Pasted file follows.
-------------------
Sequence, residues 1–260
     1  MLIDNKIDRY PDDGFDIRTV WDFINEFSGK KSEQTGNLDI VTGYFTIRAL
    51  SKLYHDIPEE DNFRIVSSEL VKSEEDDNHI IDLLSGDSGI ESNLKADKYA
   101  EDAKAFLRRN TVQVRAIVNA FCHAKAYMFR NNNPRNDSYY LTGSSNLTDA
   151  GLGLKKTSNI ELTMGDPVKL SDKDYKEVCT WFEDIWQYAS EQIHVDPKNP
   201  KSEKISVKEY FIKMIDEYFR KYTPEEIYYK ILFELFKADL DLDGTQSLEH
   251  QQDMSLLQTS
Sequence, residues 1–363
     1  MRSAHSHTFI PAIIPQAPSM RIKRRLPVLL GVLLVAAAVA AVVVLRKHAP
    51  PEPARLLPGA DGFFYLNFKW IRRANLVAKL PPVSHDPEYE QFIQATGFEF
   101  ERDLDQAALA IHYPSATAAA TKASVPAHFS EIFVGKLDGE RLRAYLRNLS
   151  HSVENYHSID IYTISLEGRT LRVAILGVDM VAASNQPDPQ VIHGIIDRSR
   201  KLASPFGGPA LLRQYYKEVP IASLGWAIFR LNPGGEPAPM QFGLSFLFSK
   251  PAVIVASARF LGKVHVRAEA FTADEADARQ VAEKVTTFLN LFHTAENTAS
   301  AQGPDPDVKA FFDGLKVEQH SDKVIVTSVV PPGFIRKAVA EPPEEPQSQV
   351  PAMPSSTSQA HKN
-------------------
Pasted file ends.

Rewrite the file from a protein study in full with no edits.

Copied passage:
Sequence, residues 1–260
     1  MLIDNKIDRY PDDGFDIRTV WDFINEFSGK KSEQTGNLDI VTGYFTIRAL
    51  SKLYHDIPEE DNFRIVSSEL VKSEEDDNHI IDLLSGDSGI ESNLKADKYA
   101  EDAKAFLRRN TVQVRAIVNA FCHAKAYMFR NNNPRNDSYY LTGSSNLTDA
   151  GLGLKKTSNI ELTMGDPVKL SDKDYKEVCT WFEDIWQYAS EQIHVDPKNP
   201  KSEKISVKEY FIKMIDEYFR KYTPEEIYYK ILFELFKADL DLDGTQSLEH
   251  QQDMSLLQTS
Sequence, residues 1–363
     1  MRSAHSHTFI PAIIPQAPSM RIKRRLPVLL GVLLVAAAVA AVVVLRKHAP
    51  PEPARLLPGA DGFFYLNFKW IRRANLVAKL PPVSHDPEYE QFIQATGFEF
   101  ERDLDQAALA IHYPSATAAA TKASVPAHFS EIFVGKLDGE RLRAYLRNLS
   151  HSVENYHSID IYTISLEGRT LRVAILGVDM VAASNQPDPQ VIHGIIDRSR
   201  KLASPFGGPA LLRQYYKEVP IASLGWAIFR LNPGGEPAPM QFGLSFLFSK
   251  PAVIVASARF LGKVHVRAEA FTADEADARQ VAEKVTTFLN LFHTAENTAS
   301  AQGPDPDVKA FFDGLKVEQH SDKVIVTSVV PPGFIRKAVA EPPEEPQSQV
   351  PAMPSSTSQA HKN